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Demonstrators rally against Trump downtown

Jule Pattison-Gordon
Demonstrators rally against Trump downtown
Demonstrators march in the Boston People's Inaguration

Just hours after Donald Trump took the oath of office, hundreds of Bostonians gathered downtown to pledge to protect each others’ rights, no matter what happens in D.C. The event drew a broad coalition of activists from groups dedicated to protecting causes such as the rights of women, the homeless, members of the LGBTQ community, Muslims and people of color as well as the environment. Members came to march, and for many, pledge mutual support.

“It’s particularly important for the communities most affected and targeted — people of color, immigrants, Muslims, queer/trans people and women — to be heard,” said Lydia Lowe of the Chinese Progressive Association, as activists gathered at Dewey Square.

Participants in the Boston’ People’s Inauguration started in Dewey Square and filled downtown streets as they proceeded to the Boston Common, chanting in Spanish, English and Chinese. The chants denounced Trump on a myriad of fronts, ranging from his attacks on immigrants and Muslims to his nomination of inexperienced, wealthy individuals to lead key federal departments.

“The slogan is, ‘Rise, Resists and Protect’ against racism, colonialism, fascism, hatred against women — all things we’ve seen from this president,” Black Lives Matter’s Martin Henson told the Banner.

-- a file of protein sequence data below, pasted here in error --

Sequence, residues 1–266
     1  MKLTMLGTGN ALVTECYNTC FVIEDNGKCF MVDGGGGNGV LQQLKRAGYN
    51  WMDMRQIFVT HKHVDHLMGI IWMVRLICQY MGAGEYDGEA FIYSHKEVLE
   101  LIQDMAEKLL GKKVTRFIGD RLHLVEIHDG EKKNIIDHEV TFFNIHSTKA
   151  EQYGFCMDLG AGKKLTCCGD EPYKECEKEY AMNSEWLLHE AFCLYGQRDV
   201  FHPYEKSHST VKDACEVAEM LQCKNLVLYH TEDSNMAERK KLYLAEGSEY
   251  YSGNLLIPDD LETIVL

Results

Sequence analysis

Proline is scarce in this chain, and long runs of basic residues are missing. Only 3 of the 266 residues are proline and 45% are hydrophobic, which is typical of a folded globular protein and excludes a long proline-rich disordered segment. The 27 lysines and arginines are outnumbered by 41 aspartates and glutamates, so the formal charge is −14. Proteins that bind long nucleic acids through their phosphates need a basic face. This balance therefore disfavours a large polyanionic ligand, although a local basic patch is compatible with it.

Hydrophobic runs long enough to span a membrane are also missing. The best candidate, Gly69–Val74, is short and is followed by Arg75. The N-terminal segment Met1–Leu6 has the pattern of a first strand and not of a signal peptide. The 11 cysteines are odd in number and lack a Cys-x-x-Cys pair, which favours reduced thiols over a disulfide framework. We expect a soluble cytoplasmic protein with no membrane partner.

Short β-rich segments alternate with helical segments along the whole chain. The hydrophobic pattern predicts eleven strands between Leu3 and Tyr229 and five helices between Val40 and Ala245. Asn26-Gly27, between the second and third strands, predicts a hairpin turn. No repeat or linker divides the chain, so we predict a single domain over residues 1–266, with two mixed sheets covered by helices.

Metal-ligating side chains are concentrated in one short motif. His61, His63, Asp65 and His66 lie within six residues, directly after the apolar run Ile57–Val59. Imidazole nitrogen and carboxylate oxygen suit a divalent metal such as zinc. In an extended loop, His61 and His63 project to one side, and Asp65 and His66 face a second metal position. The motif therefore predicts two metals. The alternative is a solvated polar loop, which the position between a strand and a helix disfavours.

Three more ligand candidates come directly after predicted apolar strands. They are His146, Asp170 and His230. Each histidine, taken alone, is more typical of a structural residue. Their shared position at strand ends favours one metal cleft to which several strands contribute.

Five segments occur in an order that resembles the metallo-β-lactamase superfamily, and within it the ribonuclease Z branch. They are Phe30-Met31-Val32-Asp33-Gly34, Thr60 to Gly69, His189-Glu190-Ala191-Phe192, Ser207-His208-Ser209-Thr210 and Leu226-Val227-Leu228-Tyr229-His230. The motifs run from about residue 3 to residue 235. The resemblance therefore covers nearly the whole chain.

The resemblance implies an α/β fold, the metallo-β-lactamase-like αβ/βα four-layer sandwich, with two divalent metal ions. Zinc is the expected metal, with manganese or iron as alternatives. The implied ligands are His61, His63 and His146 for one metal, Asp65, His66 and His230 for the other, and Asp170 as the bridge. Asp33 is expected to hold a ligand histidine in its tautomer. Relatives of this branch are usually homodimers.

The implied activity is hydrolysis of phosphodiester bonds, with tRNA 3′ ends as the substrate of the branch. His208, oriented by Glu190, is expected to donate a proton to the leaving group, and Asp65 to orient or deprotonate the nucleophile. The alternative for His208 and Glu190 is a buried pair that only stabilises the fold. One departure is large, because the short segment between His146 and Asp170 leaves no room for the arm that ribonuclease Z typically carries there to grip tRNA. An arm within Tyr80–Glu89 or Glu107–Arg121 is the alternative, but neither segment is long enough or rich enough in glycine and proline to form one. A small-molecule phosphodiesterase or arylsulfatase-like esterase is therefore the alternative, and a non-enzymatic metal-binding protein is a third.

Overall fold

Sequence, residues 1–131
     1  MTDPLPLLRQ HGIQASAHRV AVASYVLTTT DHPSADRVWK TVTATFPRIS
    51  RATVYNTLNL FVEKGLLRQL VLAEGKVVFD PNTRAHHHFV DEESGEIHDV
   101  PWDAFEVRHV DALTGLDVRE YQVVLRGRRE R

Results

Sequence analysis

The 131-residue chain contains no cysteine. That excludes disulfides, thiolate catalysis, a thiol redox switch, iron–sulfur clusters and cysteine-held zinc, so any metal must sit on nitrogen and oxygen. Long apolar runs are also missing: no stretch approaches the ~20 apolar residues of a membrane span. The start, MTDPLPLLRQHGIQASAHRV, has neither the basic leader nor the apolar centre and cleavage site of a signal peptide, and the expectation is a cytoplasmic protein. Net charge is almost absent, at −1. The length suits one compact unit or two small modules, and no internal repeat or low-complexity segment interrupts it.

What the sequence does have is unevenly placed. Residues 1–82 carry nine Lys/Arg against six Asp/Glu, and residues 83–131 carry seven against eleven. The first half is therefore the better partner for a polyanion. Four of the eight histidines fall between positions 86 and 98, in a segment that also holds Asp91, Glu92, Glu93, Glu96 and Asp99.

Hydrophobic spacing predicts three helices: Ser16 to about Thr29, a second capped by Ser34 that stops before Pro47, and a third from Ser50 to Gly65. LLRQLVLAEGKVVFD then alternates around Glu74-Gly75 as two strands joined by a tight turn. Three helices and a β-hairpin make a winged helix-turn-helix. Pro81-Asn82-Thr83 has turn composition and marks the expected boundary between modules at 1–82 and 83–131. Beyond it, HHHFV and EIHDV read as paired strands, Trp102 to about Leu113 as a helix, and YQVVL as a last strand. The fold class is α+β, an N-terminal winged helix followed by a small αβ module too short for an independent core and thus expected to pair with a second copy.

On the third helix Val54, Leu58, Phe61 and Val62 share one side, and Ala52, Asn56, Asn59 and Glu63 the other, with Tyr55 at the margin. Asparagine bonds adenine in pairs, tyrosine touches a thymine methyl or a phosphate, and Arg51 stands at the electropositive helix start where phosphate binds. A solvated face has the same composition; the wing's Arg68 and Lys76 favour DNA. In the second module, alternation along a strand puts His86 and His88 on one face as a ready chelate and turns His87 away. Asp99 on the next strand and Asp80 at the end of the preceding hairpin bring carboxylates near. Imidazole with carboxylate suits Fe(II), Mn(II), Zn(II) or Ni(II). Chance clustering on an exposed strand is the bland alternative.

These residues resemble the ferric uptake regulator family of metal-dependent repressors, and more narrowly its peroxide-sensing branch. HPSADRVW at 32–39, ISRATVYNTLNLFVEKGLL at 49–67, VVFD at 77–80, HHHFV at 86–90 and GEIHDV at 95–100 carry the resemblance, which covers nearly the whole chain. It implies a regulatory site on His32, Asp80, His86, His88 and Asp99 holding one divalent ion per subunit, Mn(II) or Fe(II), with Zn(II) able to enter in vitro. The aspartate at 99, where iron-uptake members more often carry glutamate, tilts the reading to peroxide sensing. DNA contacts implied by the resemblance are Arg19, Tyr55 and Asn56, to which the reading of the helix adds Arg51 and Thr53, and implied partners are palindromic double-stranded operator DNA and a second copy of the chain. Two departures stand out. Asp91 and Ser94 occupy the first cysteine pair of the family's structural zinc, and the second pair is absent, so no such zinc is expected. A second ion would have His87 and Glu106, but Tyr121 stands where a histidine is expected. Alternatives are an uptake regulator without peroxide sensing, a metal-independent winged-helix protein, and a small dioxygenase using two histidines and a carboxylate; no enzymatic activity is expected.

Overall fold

Many causes of alarm

Speakers criticized Trump’s nomination of Steve Mnuchin, formerly of Goldman Sachs, as secretary of the treasury and of Rex Tillerson, CEO of Exxon Mobile, as secretary of state.

“Instead of draining the swamp, he has made those people his closets allies,” said a member of Alternatives for Community and Environment.

Many also decried the pick of Jeff Session — who comes with a long list of racism accusations to his name, including from many civil rights groups — and Stephen Bannon, who has been widely accused of racism, misogyny, anti-Semitism and Islamophobia.

A Right to the City member denounced HUD secretary pick Ben Carson for his lack of experience and his lack of belief in the mission of his agency.

“He has zero experience and zero expertise,” the Right to the City member said, noting as well that Carson, Trump’s choice to head an organization with many programs designed to help low-income people improve their situation, has said he believes poverty is a choice.

New allies

While some of the organizations have worked together in the past, the day introduced a new era of broader networking and cooperation, Lowe said.

Some attendees noted that the organizations’ various causes naturally intertwine.

Nicole Sullivan of Boston Feminists for Liberation said her organization would work to incorporate other justice group’s focus issues into their agenda — for instance, advocacy around access to housing and health care. While the feminist group is focused on women’s rights, when women have their other basic needs met, they are better able to take advantage of those rights, she said.

“The [political] right can target people without resources,” Sullivan told the Banner. “We need people to have housing, health care [and other necessities.]”

Sullivan’s group is launching a campaign against Crisis Pregnancy Centers, which she says provide misleading and often inaccurate information about abortion and target low-income women of color in their advertising.

Susan Chang, a member of ACE, came to advocate for fighting climate change. She said at the demonstration that the demonstration’s strong turnout gave her hope.

“I feel better knowing there are so many people who also are not happy about what’s happened and will do what they can to make change,” she told the Banner.